Well in Siobhan she has a mentee and she’s pretty motherly and patient with her, there’s a lot of compassion there. That’s dead easy to play when you’ve got someone like Thaddea Graham playing that role! It’s a relationship that shows she’s better with these young people than she was with her own daughter.

Then there’s Patrick, and there’s a real sense of connection between them, they’re both people with experience, and there’s a level of respect and simpatico in that relationship. We didn’t go down the avenue of a romantic relationship, but there’s a definite connection.

How did the reality of playing a police officer compare to your expectations?
Well, I’ve known cops my whole life and I’ve been on ride-alongs with them and had plenty of conversations, but I wanted Colette to be her own person, I didn’t want to model her on anyone. Yes, she’s a cop and she’s very defined by her job, but she’s a woman first. I really wanted to get under the skin of this interesting character and make her flesh and blood.

It was an interesting time to shoot because we were in the height of a pandemic, everything was closed off and it was all-encompassing work, so I had no distractions, I’d just go into work every day and it was completely immersive. I really enjoyed it, playing her authority and the agency of this woman. Of course, her family is very important in the story, but I loved the fact that she’s not tied to a man in this series, in terms of her identity. I’ve spent too many years playing someone’s wife on TV.

Is it still rare to find these kinds of leading roles for women?
It often feels like one step forward, two steps back – there are television dramas about women, with powerful tour de force female leads, but the stories themselves can still be disappointing and quite gratuitous. I think we’re in an interesting time where there’s an appetite for other kinds of tales to be told, but we still have the hangover of the male gaze. Redemption isn’t like that – Colette is unencumbered and this is very much her story. It’s commendable that we didn’t even have to go down the road of giving her a love interest.

How did you tap into Colette’s complex emotional journey?
I’ve got plenty of regret I can draw on, I think we all do if you get to the age of 50-something, and this is a story of missed opportunities. It’s also a really valuable story of estrangement and second chances though, and I love this message about the ability to heal, to learn from your mistakes and not be defined by one’s past. I love that positive aspect of this series and I love roles that are complicated. Maybe that’s another reason why I haven’t played a cop before, because there wasn’t enough complexity of story, but Redemption really provided that for me.

What I’d love audiences to get from this series is the idea of your past self getting the chance to speak to your present self, and that healing can take place from that. Being able to go back and speak to that younger person, and to forgive them, We’re all flawed and complicated people, and I love how that comes out in the drama.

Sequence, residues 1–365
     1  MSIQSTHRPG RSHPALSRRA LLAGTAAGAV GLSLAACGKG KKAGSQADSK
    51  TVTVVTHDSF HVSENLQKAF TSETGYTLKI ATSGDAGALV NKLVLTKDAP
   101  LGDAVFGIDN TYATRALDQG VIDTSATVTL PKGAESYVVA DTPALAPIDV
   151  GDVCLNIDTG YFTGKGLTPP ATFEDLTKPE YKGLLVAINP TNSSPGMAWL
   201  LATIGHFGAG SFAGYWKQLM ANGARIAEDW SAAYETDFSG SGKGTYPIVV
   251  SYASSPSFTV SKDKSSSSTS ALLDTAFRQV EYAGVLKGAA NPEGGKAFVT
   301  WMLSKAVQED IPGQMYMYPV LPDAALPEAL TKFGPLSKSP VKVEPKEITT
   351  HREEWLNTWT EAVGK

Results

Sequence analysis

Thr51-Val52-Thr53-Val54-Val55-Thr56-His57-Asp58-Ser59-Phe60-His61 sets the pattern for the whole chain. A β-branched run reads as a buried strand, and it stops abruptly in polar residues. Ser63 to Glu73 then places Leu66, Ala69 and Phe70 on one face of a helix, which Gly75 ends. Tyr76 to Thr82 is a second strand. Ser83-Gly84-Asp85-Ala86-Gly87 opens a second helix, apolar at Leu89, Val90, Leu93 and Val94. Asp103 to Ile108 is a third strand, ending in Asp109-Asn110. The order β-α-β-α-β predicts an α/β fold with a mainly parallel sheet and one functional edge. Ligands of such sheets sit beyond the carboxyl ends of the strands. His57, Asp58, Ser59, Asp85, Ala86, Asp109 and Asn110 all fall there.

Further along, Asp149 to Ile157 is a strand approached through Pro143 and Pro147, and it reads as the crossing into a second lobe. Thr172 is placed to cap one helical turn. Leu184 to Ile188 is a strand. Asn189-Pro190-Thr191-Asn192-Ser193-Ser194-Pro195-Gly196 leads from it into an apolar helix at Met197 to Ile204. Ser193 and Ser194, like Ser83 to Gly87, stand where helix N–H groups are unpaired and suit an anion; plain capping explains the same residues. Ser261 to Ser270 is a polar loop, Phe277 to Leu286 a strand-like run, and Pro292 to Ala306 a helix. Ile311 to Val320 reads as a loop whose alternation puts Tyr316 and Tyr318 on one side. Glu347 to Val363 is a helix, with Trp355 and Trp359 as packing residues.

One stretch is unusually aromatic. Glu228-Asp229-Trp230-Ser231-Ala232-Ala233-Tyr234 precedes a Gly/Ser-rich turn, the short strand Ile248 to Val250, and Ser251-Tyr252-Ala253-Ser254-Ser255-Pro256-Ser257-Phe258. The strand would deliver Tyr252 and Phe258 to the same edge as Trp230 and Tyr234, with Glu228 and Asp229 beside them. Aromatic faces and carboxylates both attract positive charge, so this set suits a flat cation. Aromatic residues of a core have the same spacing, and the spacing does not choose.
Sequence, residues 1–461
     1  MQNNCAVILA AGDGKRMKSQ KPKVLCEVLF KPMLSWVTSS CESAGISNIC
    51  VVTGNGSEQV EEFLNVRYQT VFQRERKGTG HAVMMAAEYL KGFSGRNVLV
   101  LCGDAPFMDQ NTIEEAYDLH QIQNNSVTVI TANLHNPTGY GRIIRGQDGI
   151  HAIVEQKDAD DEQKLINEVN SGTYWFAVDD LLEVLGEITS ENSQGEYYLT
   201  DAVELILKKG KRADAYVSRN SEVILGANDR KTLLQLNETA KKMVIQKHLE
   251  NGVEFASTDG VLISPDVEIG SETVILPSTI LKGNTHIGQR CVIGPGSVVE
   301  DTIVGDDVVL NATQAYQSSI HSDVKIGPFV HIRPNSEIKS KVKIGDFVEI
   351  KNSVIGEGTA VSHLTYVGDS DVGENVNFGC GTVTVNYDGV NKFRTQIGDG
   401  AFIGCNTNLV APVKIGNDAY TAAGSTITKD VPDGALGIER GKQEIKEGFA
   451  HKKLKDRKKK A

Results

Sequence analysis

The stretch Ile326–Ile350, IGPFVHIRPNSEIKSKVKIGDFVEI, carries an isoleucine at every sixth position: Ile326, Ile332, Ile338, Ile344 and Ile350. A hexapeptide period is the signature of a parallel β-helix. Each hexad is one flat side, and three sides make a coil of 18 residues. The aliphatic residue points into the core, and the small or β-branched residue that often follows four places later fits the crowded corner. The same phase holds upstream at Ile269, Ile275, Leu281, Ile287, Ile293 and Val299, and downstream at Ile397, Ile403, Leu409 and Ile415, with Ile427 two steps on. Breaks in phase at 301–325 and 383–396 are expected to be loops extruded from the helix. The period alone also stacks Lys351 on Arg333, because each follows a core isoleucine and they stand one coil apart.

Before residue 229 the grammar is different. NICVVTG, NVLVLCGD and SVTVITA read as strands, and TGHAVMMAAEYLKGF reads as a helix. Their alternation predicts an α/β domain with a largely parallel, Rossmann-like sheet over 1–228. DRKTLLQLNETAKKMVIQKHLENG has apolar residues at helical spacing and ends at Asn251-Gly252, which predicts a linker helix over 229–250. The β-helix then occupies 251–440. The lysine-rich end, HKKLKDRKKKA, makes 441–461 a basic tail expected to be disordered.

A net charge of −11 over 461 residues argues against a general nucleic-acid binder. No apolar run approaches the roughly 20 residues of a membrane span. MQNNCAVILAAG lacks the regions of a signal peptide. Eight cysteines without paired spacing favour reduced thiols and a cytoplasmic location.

Do you get involved in many action scenes?
There was one scene where I had to jump through a window and I was so pleased with myself, because it was high up, I was busting through it and I was really quite agile. But they cut the scene! It wasn’t to be. I’d have liked to have had a big fight scene, but I’m not brilliant at that stuff, it’s not really my bailiwick.

Did you enjoy filming closer to home?
It’s always so nice. We filmed in Dublin, but I managed to go home some weekends and it was nice to be close by. Dublin became such an amazing place for me to be, it’s just a marvellous city and lockdown was interesting because it took away all the distraction and chaos of the place. It was great to be Irish in Ireland without the clanging of sectarian bells – I’m a very proud Belfast girl, but it gets a bit old sometimes, because there’s still such a hangover from the troubles. This experience was totally free of that for me and that was such a relief.

How did you get through such an intense schedule with deeply emotional scenes?
The crew I was working with were a delight and I can’t say enough good things about our director John Hayes, he was very supportive. It was intense and I spent the first month of the shoot building stamina, there was hardly even time to have a pee! But any chance I would get to pause for a second, I would just read poetry to the crew. I was reading Yeats and Heaney to the people working around me and it was lovely, I had a very receptive audience. It was idyllic, the most beautiful job. Importantly, it was collaborative, which was very healing for me, because that has not always been the case in my career. Sometimes you have to battle so hard for your corner and voice, but this was a lovely experience.

Working with Director John Hayes and Cinematographer Dirk Nel was a deeply faith restoring experience. I have enormous respect for both of them. John is wildly smart and has such integrity and elegance, and Dirk is just so skilled and has such easy artistry. I’m deeply grateful that the stars aligned in the way they did.

Redemption is airing Fridays at 9.00pm on ITV.